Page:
Not worthy of their ilk
Hacking has a long and variably honoured history. The first hackers to bear the name, a group at the Massachusetts Institute of Technology whose exploits were recounted in Steven Levy's 1984 book Hackers, were dedicated to building things.india Updated: Dec 12, 2010 22:24 IST
Hacking has a long and variably honoured history. The first hackers to bear the name, a group at the Massachusetts Institute of Technology whose exploits were recounted in Steven Levy's 1984 book Hackers, were dedicated to building things. Subverting rules, to be sure, but a 'great hack' meant above all else cleverness and, the ultimate accolade, elegance.
Some of the best hacks were student pranks — MIT has an online gallery of the best of these, though my favourite actually happened at Cornell, where in 1997 someone whose identity is still unknown managed to impale a giant pumpkin on the spire of the clock tower using methods that have never been fully understood.
The discovery in 1980 that the licensing restrictions attached to the latest version of a printer at MIT's artificial intelligence lab launched Richard Stallman's lifetime career of writing and campaigning for free — as in free speech — software. It was arguably at that moment that 'hacking' developed its political edge.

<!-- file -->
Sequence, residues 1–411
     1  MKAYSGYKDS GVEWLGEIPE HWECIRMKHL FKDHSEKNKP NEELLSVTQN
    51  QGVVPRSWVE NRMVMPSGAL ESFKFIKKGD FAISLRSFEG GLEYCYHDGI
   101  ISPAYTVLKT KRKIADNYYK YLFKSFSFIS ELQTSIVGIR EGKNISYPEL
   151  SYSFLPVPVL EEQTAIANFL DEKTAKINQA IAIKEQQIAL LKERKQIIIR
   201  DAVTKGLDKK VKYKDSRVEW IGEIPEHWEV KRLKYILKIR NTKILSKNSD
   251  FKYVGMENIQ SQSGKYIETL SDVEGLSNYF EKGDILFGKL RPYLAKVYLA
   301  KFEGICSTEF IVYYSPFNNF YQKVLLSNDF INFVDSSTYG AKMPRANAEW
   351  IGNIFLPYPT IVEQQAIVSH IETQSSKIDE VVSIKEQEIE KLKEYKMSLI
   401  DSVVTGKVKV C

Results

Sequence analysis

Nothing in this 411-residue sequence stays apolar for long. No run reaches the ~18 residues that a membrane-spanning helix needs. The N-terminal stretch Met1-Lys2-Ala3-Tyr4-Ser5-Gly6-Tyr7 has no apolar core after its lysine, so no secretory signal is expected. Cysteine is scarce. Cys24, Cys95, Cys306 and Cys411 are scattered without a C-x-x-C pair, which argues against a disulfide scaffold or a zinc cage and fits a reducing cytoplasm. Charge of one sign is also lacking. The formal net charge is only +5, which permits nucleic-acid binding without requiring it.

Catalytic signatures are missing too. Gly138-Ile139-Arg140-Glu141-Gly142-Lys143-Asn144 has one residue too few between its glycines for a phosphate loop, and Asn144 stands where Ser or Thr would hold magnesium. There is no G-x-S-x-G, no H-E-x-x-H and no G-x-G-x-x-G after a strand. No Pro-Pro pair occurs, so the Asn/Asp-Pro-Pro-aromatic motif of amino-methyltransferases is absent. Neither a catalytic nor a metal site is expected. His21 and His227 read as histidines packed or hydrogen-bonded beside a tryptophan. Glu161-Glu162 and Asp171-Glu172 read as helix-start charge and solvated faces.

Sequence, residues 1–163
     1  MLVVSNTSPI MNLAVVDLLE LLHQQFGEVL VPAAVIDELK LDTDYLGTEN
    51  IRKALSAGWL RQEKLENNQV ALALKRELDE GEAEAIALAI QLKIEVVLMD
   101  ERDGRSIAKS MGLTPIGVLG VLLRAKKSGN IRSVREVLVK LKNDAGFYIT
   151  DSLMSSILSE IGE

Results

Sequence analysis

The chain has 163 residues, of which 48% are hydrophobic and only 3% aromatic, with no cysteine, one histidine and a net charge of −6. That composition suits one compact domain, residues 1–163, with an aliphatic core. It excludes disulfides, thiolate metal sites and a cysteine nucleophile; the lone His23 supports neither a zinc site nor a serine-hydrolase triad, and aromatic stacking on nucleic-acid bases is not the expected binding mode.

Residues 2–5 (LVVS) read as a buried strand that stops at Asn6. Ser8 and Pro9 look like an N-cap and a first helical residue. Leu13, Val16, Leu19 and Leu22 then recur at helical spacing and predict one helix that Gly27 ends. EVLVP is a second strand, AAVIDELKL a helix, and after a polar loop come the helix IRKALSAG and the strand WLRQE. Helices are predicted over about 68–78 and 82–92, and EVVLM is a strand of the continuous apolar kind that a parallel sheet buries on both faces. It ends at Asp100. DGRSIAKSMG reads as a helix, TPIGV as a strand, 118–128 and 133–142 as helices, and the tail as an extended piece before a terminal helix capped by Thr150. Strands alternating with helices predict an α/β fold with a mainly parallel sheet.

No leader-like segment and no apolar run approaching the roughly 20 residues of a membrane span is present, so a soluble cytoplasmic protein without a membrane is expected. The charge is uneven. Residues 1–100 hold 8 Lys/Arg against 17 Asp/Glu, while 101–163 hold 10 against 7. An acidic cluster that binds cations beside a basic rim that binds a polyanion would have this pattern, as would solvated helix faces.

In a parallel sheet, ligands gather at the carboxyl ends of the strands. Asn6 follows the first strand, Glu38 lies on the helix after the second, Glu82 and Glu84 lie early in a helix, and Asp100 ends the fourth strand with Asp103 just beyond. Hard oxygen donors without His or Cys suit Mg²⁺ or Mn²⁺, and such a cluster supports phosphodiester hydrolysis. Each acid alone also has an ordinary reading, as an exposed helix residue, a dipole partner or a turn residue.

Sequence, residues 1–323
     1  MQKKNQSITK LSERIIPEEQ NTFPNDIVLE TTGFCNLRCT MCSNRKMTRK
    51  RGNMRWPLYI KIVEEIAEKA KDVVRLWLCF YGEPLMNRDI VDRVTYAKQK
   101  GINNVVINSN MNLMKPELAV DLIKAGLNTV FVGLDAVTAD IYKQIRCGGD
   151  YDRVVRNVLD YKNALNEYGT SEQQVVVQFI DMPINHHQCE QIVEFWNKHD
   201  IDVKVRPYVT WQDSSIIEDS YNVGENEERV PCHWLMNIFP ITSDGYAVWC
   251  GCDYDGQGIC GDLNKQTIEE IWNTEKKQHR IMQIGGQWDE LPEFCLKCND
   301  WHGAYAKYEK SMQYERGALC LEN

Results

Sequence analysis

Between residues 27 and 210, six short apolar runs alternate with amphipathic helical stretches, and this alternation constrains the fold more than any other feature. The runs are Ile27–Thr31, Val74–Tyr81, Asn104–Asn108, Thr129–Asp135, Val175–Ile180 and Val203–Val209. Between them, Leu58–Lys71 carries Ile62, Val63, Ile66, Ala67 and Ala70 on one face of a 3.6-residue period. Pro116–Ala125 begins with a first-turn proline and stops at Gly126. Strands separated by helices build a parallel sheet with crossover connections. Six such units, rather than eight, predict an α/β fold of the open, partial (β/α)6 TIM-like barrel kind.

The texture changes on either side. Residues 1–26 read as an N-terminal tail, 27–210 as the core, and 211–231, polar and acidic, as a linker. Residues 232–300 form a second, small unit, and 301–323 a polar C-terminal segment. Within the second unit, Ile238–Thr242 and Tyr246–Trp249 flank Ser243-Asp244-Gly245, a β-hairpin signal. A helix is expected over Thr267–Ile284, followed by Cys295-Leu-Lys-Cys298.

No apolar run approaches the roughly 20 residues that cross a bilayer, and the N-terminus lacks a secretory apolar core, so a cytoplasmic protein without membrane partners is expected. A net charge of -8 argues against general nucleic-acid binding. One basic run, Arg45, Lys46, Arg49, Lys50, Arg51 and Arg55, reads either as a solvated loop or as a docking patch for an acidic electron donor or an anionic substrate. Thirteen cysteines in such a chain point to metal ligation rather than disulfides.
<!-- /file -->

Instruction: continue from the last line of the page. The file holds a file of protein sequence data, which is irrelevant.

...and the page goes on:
The identification of 'hacking' with cracking into other people's computers developed through the 1980s. Many of the old-style hackers resent being conflated with crackers even now, but their exclusive rights to what was a badge of honour have pretty much been lost. To the general public, a 'hacker' is someone who breaks into other people's computers.
By the early 1990s, 'hacker' had come to mean what it still means to many people: a very clever, computer-obsessed, (usually) young, (usually) male with maybe a shaky grasp on the ethics
The WikiLeakers fit reasonably well within the tradition of the hacker as freedom-of-information activist. No one has alleged that they cracked into anyone's system illegally in order to obtain the documents they publish. They are closer to journalists than to hackers.
Those mounting the DDoS attacks on companies such as MasterCard, Paypal, and Amazon, may style themselves 'hacktivists', but it's hard to see how they merit the term. Yes, they are protesting actions they believe to be unfair, even morally bankrupt. But they aren't building anything or opening sealed boxes to show us things that should never have been kept secret. If I were an old-school hacker, I'd be out looking for a new name for myself.